Headline inflation as measured by the year-on-year (Y-o-Y) change in the Colombo Consumer Price Index (CCPI, 2013=100)1 decreased to 4.1 per cent in August 2020 from 4.2 per cent in July 2020.
This was mainly driven by the statistical effect of the high base prevailed in August 2019. Food inflation (Y-o-Y) increased to 12.3 per cent in August 2020 from 10.9 per cent in July 2020, whereas Non-food inflation (Y-o-Y) decreased to 0.8 per cent in August 2020 from 1.5 per cent in July 2020, the Central Bank said in an announcement. The change in the CCPI measured on an annual average basis remained unchanged at 4.8 per cent in August 2020. The monthly change of CCPI was recorded at 0.0 per cent in August 2020. This was due to setting-off the price increase of 0.1 per cent in the Food category, with the price decline observed in the Non-food category by the same magnitude. Accordingly, within the Food category prices of coconut, vegetables and turmeric increased in August 2020. However, prices of fresh fish and limes recorded significant declines during the month. Within the Non-food category, prices of items in Health (payments to medical laboratories) sub-category declined during the month. The core inflation (Y-o-Y), which reflects the underlying inflation in the economy, remained unchanged at 3.2 per cent in August 2020. However, annual average core inflation declined further to 3.8 per cent in August 2020 from 4.0 per cent in July 2020. (Times Online, 2.9.2020)
Sri Lanka has ranked high, out-performing South Asian neighbours in its Air Quality measurement according to the Environmental Performance Index 2020 (EPI) released by researchers at Yale and Columbia Universities recently.
The prestigious index, now in its 22nd year, has become the premier metrics framework for global environmental policy analysis, ranking 180 countries on several performance indicators across a range of issue categories covering environmental health and ecosystem vitality, according to a media release issued by Drivegreen, a vehicle emission testing centre. Based on peer comparisons, overall Sri Lanka is ranked 109th with an EPI score of 39 out of 100, ahead when compared with its South Asian counterparts.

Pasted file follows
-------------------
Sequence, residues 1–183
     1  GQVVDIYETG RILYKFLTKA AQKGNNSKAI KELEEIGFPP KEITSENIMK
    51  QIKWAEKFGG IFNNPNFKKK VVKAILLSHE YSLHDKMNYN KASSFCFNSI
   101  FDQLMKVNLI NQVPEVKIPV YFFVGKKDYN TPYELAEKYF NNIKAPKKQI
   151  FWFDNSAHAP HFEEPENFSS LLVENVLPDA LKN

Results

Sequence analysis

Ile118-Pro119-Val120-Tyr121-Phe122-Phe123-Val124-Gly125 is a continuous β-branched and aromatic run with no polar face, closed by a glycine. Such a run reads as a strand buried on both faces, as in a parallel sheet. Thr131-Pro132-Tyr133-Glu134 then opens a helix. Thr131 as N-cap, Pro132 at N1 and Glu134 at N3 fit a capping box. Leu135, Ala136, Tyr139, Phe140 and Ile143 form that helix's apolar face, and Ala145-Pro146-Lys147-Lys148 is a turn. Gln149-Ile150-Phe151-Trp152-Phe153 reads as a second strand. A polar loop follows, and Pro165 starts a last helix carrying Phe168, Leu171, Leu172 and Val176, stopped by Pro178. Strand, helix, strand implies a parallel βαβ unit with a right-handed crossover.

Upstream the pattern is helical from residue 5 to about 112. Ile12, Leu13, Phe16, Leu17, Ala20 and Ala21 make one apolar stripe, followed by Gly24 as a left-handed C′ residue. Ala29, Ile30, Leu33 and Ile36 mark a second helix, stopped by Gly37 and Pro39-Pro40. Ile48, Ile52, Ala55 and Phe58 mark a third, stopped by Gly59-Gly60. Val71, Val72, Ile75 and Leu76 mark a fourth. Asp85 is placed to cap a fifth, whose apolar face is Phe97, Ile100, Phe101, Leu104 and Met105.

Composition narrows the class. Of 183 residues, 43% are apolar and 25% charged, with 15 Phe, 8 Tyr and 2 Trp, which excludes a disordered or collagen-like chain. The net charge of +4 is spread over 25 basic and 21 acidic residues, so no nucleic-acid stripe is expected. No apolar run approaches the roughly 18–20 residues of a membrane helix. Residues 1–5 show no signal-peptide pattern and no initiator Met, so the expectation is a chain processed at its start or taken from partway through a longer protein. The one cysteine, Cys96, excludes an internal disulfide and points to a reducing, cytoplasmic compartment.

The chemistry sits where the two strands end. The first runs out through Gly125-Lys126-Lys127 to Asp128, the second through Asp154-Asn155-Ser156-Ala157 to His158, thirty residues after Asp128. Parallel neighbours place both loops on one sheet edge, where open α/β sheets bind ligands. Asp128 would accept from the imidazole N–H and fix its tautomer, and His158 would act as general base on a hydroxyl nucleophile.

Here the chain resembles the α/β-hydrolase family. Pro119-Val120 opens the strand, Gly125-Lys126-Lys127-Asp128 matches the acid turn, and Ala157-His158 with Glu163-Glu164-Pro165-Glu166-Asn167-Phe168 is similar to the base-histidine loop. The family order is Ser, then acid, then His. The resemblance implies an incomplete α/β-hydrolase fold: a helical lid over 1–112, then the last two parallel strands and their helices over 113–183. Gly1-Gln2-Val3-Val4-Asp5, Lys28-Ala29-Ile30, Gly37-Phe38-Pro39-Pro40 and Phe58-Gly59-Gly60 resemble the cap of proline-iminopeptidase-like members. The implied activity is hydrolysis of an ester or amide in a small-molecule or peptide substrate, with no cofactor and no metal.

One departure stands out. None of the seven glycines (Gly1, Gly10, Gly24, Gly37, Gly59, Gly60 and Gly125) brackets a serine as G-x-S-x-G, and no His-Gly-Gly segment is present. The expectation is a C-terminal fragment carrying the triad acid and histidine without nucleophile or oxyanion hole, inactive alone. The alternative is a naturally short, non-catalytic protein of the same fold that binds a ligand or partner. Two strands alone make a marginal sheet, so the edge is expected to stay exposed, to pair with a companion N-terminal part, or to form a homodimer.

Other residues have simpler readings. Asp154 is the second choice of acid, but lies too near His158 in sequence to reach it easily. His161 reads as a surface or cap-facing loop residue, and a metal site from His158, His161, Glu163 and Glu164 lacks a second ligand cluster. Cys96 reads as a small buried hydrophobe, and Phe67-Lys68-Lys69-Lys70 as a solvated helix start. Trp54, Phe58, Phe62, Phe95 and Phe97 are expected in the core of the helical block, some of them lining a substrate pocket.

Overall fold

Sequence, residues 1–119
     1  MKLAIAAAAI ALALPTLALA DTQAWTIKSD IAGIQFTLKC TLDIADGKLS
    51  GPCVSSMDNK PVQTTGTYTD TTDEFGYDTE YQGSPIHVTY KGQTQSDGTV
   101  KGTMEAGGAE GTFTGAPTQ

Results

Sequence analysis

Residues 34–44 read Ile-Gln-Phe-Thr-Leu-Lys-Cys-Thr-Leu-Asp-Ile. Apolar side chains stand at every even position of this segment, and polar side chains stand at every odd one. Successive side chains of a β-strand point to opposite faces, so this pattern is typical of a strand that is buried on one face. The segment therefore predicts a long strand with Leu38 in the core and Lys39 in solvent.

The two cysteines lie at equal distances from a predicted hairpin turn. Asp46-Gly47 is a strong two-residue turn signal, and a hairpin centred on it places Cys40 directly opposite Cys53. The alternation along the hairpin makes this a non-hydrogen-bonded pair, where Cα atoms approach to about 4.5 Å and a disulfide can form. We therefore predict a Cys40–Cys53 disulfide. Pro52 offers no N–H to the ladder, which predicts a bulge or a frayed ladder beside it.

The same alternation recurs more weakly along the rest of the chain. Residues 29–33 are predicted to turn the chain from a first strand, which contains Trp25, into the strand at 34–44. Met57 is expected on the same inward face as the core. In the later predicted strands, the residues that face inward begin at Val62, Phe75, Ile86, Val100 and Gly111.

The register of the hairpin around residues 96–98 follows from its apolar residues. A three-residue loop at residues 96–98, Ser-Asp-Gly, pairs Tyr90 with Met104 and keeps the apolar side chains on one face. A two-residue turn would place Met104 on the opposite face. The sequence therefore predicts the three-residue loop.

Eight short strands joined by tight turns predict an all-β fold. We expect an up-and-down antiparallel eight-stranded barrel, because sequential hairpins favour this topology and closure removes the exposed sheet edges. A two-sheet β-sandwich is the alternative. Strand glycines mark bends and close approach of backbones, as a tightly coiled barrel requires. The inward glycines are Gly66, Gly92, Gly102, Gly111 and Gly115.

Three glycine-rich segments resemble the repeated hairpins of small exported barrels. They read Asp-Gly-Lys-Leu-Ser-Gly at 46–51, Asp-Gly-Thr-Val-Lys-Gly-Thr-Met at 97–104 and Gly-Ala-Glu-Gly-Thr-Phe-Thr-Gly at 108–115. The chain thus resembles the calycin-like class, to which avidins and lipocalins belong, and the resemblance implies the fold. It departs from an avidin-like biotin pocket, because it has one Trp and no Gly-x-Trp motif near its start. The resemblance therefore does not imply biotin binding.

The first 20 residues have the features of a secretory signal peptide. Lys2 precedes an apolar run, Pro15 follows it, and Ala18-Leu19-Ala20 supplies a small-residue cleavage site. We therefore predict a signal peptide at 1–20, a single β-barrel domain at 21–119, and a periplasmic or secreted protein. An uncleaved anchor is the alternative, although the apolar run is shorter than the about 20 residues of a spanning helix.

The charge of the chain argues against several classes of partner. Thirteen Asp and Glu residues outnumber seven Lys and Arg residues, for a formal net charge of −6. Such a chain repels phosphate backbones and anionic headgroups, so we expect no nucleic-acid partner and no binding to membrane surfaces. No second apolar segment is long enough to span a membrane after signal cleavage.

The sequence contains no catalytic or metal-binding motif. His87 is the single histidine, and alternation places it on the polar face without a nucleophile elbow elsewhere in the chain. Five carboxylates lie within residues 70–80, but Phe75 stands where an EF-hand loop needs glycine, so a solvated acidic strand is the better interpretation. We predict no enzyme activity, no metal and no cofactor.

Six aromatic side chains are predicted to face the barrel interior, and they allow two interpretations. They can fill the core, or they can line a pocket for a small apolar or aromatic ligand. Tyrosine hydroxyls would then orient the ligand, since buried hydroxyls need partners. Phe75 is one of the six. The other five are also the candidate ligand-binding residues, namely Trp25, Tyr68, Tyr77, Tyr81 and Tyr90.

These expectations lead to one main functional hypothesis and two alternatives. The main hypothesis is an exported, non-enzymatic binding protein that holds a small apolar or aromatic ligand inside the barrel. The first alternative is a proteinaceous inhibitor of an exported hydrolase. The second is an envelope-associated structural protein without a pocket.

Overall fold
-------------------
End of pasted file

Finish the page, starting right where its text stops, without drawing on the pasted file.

The Air Quality issue category measures the direct impacts of air pollution on human health in each country. It consists of three indicators: PM2.5 exposure, household solid fuels, and ozone exposure.
Sri Lanka is ranked 91 in Air Quality according to the 2020 EPI, and importantly the country has over a 10-year period continued to demonstrate a positive growth when compared to the region, the release said.
In contrast, other South Asian nations lagged behind in Air Quality, notably with Bangladesh ranked 166, India 179 and Pakistan 180. Sri Lanka’s favourable Air Quality and strong performance may be attributed to its vehicle emission testing programme. Following a Supreme Court decision to increase air quality levels, the programme to ensure mandatory testing commenced in 2008 with two companies, CleanCo Lanka (Pvt) Ltd and Laughs Eco Sri (Pvt) Ltd chosen to test vehicles and issue vehicle emission certificates. To-date, Sri Lanka’s vehicle emission testing programme has proven to be an effective mechanism to detect high emitting vehicles and play a vital role in improving air quality especially in urban areas. Despite a vehicle population numbering over 5.6 million including motor cycles, three wheelers and personal vehicles, total emissions have remained stagnant contributing to preserving the nation’s ambient air quality and a high score in the 2020 EPI Air Quality category.
Better air quality has also contributed to fewer air-pollution-related illnesses and other health effects when compared to countries in the region. “Despite these positives, more work remains to be done for Sri Lanka to ascend the ranks of having cleaner air. Significant initiatives that are necessary include creating awareness among the public on the effects of vehicle emissions, the use of fuel which are not recommended by manufacturers, inculcating a proactive attitude among vehicle owners on the importance and benefits of vehicle maintaining on an ongoing basis, ensure regular monitoring of mechanical condition of vehicles for better fuel efficiency and conducting studies and implementing changes in driving patterns and traffic can contribute to further erosion of Sri Lanka’s air quality,” the release said.(Times Online, 2.9.2020)
The total number of confirmed COVID-19 cases rose to 3,092 yesterday, with the identification of 43 new patients.